In late November, the latest NHS vacancy statistics were released and showed the strain that the NHS is currently under. Nick Ville, director of membership and policy at the NHS, has stated that it ‘is rapidly becoming a dire situation.’ With the NHS pushed to the limits, there are unfortunately a rising number of medical negligence claims and a need for medical negligence solicitors.
If you have been the victim of medical negligence, it is important for your recovery to claim compensation for your experience.
What are NHS Negligence Claims?
NHS negligence claims can cover a number of different medical situations. However, some of the common ones include:
- Cosmetic surgery negligence claims
- A&E negligence claims
- Dental negligence claims
- Gynaecological negligence claims
- Amputation claims
- Pregnancy and birth negligence claims
- Surgical negligence claims
- Care home and nursing home negligence claims
This is not a definitive list, and a medical negligence payout from the NHS can occur whenever a scenario fulfils the definition of medical negligence.
Suing the NHS
Suing the NHS involves being able to prove that your situation fits the exact definition of medical negligence. Medical negligence claims can be roughly judged based on something known as the 4 D’s of medical malpractice. These are:
During training, all doctors are taught what the duty of care is that they must provide to their patients.
Dereliction is the official term for when a medical professional is considered to have broken this duty of care
- Direct Cause
In order for a medical malpractice claim to be filed, you must be able to prove that it was the direct fault of a medical professional.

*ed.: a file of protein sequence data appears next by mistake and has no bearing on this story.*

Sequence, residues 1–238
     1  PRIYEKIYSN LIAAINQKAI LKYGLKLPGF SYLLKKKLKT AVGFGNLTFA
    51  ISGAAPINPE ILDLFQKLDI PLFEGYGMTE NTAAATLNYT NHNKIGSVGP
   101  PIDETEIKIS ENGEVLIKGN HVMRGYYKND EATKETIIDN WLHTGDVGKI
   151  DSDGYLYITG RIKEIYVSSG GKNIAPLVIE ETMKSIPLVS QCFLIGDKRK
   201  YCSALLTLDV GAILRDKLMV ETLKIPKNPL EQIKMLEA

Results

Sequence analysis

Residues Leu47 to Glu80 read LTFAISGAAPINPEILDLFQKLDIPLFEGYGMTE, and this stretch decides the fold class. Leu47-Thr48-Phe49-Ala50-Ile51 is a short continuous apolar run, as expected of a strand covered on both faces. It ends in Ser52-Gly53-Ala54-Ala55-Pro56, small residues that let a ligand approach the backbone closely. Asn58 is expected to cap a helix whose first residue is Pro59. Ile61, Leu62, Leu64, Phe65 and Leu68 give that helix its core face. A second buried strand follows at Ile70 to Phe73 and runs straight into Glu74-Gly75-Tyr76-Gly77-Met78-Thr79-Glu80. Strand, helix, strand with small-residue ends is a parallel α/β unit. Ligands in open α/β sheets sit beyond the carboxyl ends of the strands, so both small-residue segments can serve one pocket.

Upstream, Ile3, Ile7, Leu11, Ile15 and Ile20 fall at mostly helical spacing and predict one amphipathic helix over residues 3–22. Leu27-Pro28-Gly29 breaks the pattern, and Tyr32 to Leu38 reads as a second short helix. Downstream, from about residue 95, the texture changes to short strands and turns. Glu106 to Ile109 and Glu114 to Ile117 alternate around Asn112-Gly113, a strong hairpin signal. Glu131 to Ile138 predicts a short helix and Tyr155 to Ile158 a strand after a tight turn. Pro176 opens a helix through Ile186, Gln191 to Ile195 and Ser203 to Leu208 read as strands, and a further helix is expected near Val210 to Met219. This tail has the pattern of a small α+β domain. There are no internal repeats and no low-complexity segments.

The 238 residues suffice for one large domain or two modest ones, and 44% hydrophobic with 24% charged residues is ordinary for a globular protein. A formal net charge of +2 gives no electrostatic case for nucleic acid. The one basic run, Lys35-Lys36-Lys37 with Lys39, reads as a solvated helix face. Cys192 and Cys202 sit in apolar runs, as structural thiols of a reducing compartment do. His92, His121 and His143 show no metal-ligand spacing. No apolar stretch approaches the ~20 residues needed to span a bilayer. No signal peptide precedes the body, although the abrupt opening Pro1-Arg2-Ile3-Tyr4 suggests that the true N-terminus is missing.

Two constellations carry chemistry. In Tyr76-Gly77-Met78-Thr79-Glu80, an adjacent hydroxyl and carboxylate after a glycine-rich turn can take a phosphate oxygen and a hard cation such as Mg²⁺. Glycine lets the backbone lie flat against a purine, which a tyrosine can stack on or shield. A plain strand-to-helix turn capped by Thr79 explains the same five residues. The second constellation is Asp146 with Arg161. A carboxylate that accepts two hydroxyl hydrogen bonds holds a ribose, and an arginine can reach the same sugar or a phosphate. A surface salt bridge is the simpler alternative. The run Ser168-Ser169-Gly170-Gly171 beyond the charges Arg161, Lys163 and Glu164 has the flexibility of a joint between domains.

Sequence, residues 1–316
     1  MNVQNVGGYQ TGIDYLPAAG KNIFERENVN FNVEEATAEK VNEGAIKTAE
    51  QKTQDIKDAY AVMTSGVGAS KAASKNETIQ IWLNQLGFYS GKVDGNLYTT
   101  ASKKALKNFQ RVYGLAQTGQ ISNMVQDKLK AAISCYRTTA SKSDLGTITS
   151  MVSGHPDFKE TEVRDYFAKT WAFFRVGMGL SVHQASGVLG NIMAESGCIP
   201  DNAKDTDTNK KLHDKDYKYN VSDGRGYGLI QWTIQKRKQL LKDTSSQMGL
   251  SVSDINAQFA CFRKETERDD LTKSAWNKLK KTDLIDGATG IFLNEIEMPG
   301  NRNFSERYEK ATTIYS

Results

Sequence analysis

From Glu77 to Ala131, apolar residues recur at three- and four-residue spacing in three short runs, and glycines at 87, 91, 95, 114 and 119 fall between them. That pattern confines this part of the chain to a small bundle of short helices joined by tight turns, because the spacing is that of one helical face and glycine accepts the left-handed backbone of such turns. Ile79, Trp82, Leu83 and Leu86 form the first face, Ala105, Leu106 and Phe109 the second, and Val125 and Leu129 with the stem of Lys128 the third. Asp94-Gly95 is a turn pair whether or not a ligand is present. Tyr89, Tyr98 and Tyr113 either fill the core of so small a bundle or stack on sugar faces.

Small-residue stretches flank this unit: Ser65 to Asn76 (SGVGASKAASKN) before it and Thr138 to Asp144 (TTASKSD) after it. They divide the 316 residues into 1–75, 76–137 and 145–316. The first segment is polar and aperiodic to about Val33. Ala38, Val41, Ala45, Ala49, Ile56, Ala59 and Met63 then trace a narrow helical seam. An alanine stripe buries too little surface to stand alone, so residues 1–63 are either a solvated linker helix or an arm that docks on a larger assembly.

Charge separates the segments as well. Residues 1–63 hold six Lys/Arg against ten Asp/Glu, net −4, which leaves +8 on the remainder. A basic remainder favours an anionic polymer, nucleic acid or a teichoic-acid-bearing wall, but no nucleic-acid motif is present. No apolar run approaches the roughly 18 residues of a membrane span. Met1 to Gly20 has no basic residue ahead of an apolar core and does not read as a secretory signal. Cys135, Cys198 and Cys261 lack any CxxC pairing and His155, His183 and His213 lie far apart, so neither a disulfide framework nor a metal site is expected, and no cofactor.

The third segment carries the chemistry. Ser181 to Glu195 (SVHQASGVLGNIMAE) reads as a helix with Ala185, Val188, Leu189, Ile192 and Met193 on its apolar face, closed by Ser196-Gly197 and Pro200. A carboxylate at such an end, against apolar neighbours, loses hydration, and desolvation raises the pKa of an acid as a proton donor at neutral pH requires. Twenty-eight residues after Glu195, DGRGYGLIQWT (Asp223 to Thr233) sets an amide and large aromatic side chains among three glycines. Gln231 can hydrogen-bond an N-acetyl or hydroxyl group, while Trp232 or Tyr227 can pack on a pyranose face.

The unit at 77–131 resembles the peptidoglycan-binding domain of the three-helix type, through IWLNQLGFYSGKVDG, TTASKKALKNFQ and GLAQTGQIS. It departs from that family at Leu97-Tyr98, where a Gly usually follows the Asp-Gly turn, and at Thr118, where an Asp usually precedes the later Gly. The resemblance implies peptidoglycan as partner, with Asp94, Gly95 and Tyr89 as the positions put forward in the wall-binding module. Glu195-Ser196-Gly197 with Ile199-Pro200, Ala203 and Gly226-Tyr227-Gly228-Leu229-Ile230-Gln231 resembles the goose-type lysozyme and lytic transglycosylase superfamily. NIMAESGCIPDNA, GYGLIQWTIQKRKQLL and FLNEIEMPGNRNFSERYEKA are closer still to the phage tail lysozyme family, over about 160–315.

The medical negligence payout that you could earn will be calculated based on the physical injury and the psychological injury, as well as any medical or travel expenses.
What is the process of the medical negligence payout being calculated?
The amount of compensation that you could receive from the NHS for medical negligence will depend on a number of different factors. You would need to prove that your injury or condition is worse than it would have been if you had not been the victim of medical negligence. The other factors that need to be considered include:
- Any cost of extra care.
- Any travel expenses that have built up while you were in the process of receiving medical treatment.
- Whether your condition will prevent or may already have prevented you from working and therefore will result in a loss of earnings.
- Any extra medical expenses that you have already paid, in addition to any future treatment that you will need to receive.
Do I need a medical negligence solicitor?
It is possible to try and sue the NHS without representation, but it is a difficult task to try and accomplish alone. Most professional legal advisors would definitely not recommend it, as the experience and skill of a solicitor is invaluable during the process of collating evidence and constructing a case.